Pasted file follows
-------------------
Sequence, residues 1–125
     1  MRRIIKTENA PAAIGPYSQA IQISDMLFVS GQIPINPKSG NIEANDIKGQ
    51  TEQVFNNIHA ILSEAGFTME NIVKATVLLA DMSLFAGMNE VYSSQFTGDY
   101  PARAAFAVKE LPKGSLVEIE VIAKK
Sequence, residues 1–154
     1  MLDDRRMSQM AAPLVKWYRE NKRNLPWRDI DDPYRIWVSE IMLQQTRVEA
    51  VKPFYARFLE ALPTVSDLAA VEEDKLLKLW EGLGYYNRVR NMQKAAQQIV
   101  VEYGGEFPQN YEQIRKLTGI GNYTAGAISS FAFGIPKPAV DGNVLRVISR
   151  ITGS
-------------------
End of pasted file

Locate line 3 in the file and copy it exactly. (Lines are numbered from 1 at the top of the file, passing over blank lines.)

    51  TEQVFNNIHA ILSEAGFTME NIVKATVLLA DMSLFAGMNE VYSSQFTGDY